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The invisible gorilla in your marketing strategy

I am at the office. I know that I drove here this morning, but the truth is, I cannot remember the drive at all. An entire forty-minute journey on auto drive.




Auto drive. We shop in it and we buy with it. In fact, we are so auto driven that up to 75% of the time people are so focused on their current outcome, versus the current reality, they totally miss changes or news that is happening around them. Even when there are massive, gorilla-like changes in the environment, consumers often carry on without interruption. Take a look at this video:




Did you see the massive gorilla that walked across the screen, or were you so focused on the task at hand that you missed it entirely? This is famously known as the “Invisible Gorilla Test” and at the time, it proved that our minds don’t work the way we think they do. When asked about the experiment, almost everyone has the answer “yes, of course I would see a massive gorilla walking across my screen” but the results are vastly different. How could something so obvious go completely unnoticed? When this experiment was carried out at Harvard University several years ago, over 50% of people who watched the video missed the gorilla. It was as though the gorilla was invisible.


The relevance? We think we see the world that surrounds us, as it really is, but we’re actually missing a whole lot as we auto drive and auto perceive our surroundings based on our focus at hand. We think consumers are seeing our messaging, and indeed often they do physically see it, but are they actually deciphering it and seeing it as a valid input into their current shopping or brand mission?

We spend many hours creating marketing that ticks all the rational boxes, but is it having the impact we hope it is? As marketers we are constantly facing a phenomenon called ‘inattentional blindness’ and it means that most people actually only take in about 1% of all the stimulus they see daily. Attention is a limited and valuable resource and the brain prioritises – as marketers we are generally are not aware just how limited it is.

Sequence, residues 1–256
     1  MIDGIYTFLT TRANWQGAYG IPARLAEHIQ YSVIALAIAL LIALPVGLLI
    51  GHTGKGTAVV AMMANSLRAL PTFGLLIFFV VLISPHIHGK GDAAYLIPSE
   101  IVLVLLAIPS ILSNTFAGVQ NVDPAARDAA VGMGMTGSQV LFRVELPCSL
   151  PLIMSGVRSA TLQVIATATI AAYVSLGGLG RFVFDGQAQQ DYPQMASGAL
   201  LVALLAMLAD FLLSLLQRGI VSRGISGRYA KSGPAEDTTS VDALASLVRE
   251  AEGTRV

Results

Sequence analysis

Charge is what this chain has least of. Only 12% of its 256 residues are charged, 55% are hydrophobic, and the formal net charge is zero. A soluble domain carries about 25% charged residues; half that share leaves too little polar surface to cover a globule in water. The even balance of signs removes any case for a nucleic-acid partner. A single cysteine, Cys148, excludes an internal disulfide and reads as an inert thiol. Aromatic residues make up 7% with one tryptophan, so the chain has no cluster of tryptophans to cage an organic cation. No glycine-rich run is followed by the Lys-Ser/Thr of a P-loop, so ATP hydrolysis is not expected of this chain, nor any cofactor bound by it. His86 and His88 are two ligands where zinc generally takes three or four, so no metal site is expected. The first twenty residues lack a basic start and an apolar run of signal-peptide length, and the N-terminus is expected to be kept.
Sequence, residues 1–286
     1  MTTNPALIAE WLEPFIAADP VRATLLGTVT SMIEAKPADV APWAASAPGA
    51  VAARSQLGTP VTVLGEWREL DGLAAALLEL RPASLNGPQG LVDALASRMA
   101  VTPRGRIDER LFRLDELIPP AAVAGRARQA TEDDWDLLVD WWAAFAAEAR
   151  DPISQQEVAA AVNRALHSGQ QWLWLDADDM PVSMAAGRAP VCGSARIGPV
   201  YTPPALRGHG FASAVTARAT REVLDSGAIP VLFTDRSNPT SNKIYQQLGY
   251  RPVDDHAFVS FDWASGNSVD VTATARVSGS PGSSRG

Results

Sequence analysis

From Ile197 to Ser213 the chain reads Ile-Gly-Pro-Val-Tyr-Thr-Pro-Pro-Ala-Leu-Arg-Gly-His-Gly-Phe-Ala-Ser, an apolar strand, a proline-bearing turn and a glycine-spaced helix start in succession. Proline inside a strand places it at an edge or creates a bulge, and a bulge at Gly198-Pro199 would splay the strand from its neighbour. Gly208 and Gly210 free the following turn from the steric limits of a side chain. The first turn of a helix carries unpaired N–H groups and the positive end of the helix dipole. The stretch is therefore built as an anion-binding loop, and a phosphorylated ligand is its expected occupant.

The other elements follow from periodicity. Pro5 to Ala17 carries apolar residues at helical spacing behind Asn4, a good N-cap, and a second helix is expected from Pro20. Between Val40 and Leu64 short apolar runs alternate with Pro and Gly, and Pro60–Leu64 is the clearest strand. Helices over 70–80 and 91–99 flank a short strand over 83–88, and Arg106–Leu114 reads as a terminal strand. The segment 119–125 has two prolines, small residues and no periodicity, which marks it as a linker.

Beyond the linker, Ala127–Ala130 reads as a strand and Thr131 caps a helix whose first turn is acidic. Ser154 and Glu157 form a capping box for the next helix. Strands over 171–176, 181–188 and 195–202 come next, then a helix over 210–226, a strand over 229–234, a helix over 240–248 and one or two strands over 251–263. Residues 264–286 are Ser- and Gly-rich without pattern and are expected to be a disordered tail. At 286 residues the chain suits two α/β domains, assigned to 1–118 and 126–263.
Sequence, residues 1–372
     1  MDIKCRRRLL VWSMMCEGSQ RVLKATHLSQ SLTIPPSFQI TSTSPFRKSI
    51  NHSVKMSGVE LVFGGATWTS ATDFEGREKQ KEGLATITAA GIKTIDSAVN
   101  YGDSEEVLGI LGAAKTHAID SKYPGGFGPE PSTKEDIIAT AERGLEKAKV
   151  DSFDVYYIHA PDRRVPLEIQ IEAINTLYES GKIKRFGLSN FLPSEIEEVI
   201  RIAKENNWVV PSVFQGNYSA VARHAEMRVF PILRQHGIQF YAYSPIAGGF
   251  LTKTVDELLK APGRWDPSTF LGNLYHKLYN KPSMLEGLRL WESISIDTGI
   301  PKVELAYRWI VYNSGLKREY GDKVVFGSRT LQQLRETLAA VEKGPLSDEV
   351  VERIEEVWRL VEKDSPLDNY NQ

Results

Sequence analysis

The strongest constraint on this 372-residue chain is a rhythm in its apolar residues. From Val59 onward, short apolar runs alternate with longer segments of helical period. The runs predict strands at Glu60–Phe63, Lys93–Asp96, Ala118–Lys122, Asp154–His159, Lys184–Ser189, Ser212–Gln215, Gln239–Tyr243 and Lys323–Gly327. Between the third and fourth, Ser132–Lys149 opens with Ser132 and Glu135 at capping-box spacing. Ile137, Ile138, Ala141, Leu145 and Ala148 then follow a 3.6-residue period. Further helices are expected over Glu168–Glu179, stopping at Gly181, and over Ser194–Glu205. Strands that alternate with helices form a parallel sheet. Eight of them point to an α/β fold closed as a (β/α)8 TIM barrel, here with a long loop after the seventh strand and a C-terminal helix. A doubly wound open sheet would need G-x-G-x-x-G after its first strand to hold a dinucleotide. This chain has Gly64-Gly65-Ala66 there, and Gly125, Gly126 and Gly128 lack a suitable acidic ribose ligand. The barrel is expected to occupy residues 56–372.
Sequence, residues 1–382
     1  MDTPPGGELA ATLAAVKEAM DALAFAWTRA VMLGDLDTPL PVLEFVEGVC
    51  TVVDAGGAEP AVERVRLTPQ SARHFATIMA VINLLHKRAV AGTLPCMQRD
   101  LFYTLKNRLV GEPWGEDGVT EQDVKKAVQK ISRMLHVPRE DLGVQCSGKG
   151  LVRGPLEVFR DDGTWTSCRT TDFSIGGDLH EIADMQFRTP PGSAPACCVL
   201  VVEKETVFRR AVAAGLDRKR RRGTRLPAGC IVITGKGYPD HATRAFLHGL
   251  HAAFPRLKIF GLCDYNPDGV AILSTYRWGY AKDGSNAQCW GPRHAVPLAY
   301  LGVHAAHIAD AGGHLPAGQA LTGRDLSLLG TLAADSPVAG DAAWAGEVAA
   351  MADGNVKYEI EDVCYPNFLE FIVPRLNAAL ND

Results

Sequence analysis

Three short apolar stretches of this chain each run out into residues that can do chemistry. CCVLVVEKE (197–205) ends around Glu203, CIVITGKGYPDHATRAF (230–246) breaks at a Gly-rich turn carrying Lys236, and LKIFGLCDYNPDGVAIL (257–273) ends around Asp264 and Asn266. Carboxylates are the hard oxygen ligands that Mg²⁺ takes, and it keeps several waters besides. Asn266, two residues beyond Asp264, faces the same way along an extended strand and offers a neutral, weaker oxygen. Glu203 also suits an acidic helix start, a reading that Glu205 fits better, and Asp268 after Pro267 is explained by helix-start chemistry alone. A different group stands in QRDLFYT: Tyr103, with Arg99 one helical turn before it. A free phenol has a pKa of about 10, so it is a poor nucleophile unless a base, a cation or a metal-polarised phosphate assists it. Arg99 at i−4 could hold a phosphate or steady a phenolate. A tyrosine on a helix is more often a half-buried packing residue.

So is all lost? Absolutely not. Whilst we may over-estimate consumers capacity to pay attention, there is still opportunity to manipulate these audiences to some extent! If we know it is difficult to capture the attention of someone who is already focused on a fixed task at hand, what might be the best solution to interrupt this behaviour?


The established idea of disruption and ‘stand out’ may not always be in our favour. When people are focused on a particular goal, being completely different may actually make it less likely that you are noticed - given people are functionally blind to anything not directly related to their task. That’s why they might be ignoring your advertising or brand new packaging – it’s just not seen as ‘relevant right now’, making it just too much of an effort to focus on. There are reasons Coca-Cola, Heinz and Nivea haven’t messed with their packaging over their decades of brand life! These brands know that by keeping things consistent, recognized and relevant, the auto drive behaviour takes shoppers straight to them – habitually and with ease.


So, if I am correct that our consumers are missing many of the million dollar changes to our brands, have we as marketers all been as ‘asleep as the wheel’ as I was on my morning drive? Have we missed the obvious and over complicated our job as marketers? And if so, am I arguing less creativity and innovation versus more?

Absolutely not but I do think the answer lies in “fresh consistency” versus continually “totally reinventing” or “disrupting” what has been done before. Freshly representing consistent cues that our ‘intentionally blind’ consumers want and need is arguably the most powerful way we can work with, and not against, the human brain. Perhaps it’s time to reassess our approach and definition of “fresh” work and start proving that we marketers are much wider awake than our consumers are.

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